The Johnson County town of Keen learned that a computer problem last week was part of a large cyberattack.
It started on Friday when city employees got to work and initially thought the server was down. But then they got a call from state and federal authorities saying Keene had been attacked by ransomware.
Roughly 6,500 people who live in Keene can’t use a credit card to make payments on the city’s website for things like the water bill and court fees. The city can only accept cash or check.
The Texas Department of Information Resources says its working with federal agents to investigate the attack targeting more than 20 small governments and organizations in the state.
Ransomware is a type of malware that goes after a server or computer system and then asks for a payment.
Keene’s Economic Development Director Landis Adams says the attack is the first of its kind for the city.
“As far as the ransom itself, Keene as a whole was never notified and said ‘Okay, we want X amount of dollars and we’ll release everything,’” Adams said. “All we’re really focused on right now is getting services back to our citizens. Getting back to 100 percent and getting some normalcy.”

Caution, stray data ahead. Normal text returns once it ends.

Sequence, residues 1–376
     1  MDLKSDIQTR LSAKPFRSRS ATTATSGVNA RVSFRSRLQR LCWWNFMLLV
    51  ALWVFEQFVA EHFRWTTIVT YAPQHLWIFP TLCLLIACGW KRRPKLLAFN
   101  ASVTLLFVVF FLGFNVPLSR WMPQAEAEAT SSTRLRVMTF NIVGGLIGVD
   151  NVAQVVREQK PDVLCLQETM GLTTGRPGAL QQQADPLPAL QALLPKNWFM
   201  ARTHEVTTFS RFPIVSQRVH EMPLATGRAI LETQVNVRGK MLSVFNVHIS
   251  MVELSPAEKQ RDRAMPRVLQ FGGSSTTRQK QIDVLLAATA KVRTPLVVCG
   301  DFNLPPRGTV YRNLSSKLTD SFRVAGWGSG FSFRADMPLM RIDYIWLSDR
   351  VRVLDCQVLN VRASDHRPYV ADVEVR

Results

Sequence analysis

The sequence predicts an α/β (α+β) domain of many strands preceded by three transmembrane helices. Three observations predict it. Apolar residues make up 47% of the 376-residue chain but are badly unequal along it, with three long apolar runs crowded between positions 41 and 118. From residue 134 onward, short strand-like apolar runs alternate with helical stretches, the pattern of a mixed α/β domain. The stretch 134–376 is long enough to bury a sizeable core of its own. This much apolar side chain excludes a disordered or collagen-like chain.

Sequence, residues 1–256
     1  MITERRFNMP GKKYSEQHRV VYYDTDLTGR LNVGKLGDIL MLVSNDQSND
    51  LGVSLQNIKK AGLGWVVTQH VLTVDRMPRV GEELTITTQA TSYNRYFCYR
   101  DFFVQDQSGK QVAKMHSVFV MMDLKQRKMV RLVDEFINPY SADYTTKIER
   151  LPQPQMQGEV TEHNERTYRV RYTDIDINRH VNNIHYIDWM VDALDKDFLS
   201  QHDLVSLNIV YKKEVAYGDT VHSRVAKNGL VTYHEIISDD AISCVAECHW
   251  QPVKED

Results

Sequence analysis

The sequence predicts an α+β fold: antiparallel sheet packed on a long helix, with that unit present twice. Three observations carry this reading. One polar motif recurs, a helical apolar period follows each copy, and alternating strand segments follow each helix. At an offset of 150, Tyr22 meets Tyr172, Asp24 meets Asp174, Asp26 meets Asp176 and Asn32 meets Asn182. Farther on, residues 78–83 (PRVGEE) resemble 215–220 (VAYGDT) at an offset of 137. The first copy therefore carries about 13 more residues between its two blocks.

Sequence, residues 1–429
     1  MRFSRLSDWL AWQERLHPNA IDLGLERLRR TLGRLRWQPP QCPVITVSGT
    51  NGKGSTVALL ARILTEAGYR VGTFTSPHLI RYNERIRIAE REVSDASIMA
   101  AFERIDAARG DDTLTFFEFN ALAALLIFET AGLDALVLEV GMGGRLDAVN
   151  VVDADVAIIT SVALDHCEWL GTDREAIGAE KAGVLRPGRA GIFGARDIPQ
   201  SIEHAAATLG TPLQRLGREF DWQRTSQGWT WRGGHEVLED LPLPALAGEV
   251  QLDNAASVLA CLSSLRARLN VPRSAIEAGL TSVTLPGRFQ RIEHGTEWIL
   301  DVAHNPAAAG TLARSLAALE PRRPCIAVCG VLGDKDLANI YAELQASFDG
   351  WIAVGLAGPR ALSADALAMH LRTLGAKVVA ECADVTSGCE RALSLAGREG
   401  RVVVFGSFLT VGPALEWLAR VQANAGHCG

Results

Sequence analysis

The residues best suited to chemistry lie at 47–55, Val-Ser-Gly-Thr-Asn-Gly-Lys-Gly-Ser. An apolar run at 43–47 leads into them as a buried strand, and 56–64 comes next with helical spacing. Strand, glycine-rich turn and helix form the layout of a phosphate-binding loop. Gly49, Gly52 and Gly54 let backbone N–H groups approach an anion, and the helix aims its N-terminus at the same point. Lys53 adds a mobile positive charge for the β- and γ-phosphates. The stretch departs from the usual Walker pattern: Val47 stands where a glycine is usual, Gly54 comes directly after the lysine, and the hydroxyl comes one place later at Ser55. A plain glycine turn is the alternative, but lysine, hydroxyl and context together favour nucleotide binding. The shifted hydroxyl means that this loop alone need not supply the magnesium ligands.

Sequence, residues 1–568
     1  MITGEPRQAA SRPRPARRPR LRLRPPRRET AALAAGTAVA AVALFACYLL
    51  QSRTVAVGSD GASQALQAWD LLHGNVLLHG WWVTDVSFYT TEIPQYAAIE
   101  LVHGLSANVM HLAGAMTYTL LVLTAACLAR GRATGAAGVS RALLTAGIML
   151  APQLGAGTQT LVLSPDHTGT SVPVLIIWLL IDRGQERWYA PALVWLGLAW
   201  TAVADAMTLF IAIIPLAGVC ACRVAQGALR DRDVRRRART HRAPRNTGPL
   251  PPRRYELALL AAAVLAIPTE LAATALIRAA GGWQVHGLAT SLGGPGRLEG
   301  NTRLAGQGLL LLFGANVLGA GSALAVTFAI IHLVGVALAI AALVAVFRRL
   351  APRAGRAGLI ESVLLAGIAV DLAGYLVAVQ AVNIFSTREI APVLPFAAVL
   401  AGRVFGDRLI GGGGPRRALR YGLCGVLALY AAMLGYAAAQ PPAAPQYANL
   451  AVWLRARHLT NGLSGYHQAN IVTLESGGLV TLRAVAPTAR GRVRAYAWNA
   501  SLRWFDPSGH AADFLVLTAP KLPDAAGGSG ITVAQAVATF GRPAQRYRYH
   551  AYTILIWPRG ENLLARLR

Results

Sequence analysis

The water treatment plant’s computer system was also compromised - it’s used to monitor the plant.
But Keene’s public works director has switched to a manual monitoring system - and the water has remained unaffected by the attack.
Adams also says citizens don’t need to worry about personal information - none of it has been compromised.
He hopes the systems will be back online in a few days.
Federal agencies including homeland security and FEMA have been supporting the state to help bring affected governments and organizations back online.